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Spectroscopy in a suitcase

Spectroscopy in a suitcase
Dr Corey Evans and Ms Tracy McGhie from the University of Leicester.
Wednesday 26th August 2015 by C. Freeman

Students took part in a CSI-style forensic investigation where they had to analyse chemical solutions using a portable spectrometer. The project gave them the opportunity to use high-tech equipment usually only found in universities and research laboratories. They were given a scenario where they had to identify ‘who-dunnit’ by analysing chemicals found at the scene of a murder. The project, which takes place at schools around the region, is funded by the Royal Society of Chemistry.

Tracy McGhie and Dr Corey Evans, an admissions tutor from the University of Leicester, brought along the infra-red spectrometer and showed two groups of year 12 chemistry students how to use it.

Head of Science Mrs Hearne said: ‘The students have to identify some unknown chemicals using infra-red spectroscopy and mass spectroscopy and it is a chance for them to use skills they have been developing in class, see real life applications and obviously use equipment they would not normally be able to use, in addition to speaking to people from the University of Leicester about future projects.’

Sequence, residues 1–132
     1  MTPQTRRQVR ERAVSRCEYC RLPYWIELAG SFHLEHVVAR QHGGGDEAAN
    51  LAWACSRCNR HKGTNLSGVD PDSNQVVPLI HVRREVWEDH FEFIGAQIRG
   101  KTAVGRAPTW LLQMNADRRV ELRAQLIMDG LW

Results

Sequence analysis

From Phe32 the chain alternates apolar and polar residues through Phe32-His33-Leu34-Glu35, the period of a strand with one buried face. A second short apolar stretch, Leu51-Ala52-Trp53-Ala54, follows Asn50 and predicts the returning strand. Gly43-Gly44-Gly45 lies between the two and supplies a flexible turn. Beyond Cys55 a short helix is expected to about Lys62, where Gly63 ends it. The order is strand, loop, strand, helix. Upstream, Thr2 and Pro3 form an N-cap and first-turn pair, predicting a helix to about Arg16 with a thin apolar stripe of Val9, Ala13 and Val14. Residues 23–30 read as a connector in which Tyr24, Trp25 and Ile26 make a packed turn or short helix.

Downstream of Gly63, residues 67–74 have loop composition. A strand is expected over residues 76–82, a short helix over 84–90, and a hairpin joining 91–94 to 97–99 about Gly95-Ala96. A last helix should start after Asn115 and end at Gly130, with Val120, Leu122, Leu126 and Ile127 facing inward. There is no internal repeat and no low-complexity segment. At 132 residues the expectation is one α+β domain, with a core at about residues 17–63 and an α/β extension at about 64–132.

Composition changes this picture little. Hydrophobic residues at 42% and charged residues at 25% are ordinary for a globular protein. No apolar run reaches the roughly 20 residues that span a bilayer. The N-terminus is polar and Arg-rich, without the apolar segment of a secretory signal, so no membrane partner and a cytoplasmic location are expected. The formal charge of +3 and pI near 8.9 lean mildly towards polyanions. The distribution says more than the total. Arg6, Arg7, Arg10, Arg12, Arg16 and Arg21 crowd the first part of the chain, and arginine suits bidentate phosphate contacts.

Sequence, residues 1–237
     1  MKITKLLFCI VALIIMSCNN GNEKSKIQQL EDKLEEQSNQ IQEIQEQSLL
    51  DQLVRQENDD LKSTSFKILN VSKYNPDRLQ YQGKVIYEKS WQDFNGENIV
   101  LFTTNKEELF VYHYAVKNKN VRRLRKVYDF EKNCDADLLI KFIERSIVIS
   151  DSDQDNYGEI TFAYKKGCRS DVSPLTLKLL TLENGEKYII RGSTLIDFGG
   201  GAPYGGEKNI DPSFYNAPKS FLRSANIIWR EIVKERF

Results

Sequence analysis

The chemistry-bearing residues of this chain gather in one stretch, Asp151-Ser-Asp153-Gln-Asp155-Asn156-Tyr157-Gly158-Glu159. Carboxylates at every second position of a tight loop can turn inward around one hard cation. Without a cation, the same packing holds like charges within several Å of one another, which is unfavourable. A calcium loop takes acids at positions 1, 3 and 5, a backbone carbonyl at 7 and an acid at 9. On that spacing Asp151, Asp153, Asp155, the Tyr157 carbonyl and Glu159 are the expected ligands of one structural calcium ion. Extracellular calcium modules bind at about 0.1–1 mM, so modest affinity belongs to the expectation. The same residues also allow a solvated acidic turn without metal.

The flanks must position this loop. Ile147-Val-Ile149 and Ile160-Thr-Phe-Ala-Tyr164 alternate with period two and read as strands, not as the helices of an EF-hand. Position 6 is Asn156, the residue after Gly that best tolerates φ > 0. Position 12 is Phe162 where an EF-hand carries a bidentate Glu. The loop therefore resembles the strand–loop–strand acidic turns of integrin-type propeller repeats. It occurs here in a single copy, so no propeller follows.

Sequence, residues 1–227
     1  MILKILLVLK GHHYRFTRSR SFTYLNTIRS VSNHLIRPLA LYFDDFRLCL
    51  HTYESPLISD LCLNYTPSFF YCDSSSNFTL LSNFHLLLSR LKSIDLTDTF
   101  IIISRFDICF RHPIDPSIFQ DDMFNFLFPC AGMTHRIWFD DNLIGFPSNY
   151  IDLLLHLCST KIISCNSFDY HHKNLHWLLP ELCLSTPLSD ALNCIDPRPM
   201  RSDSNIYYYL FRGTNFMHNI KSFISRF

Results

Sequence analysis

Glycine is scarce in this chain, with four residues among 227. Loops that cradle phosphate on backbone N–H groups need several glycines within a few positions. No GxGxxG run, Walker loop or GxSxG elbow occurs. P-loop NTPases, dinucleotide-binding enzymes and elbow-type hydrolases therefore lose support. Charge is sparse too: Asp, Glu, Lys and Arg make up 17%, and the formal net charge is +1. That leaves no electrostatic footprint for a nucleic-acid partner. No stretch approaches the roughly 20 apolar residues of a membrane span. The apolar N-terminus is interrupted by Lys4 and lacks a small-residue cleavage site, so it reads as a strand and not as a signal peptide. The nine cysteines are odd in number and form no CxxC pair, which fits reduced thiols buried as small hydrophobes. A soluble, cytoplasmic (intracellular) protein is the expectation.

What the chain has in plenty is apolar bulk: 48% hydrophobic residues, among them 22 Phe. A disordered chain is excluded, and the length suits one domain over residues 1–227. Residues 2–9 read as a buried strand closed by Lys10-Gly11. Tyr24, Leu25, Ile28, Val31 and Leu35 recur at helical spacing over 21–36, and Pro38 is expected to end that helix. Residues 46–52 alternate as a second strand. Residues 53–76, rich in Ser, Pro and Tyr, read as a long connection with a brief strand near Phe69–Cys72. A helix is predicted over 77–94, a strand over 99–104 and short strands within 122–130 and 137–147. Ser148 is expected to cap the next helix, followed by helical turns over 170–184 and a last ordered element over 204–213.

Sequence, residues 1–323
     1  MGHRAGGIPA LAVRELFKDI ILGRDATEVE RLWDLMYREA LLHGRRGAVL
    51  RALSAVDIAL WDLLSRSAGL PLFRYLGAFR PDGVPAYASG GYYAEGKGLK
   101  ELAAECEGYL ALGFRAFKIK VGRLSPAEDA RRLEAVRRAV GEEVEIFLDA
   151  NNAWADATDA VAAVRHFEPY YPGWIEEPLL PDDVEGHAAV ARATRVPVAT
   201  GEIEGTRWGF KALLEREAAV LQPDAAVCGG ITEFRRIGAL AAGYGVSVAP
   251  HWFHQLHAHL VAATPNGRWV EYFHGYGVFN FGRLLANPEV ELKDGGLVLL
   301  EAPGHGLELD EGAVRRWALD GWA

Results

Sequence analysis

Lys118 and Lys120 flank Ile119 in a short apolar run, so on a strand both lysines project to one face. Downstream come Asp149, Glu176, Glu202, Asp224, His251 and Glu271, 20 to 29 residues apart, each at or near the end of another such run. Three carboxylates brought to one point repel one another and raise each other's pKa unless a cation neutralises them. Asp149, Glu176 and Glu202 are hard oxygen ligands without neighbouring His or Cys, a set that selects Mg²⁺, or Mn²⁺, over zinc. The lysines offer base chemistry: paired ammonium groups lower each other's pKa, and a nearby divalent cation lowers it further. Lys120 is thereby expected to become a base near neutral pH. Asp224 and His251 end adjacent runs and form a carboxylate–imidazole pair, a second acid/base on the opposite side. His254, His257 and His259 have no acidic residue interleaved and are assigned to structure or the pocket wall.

Ms McGhie said: ‘The students are working very well on the murder mystery and trying to identify who killed Mr Blue. They are analysing the chemicals he was working with in the lab and then we are going to look at some witness statements and further evidence to try and work out who the killer is. The students are very on task and have been very engaged throughout.’

Student Jarom Cheek said: ‘We have been testing different samples on plates and putting them through the spectrometer. It gives us an infra red spectrum of all the different bonds and then we cross reference those with a list of known bonds. By a process of elimination we have a good idea of what the chemical is. It does take quite a lot of attention to detail, particularly as there are quite a lot of bonds that have similar signatures so it takes fine detail to differentiate between two similar ones. To get practical experience with a spectrometer has been very valuable.’

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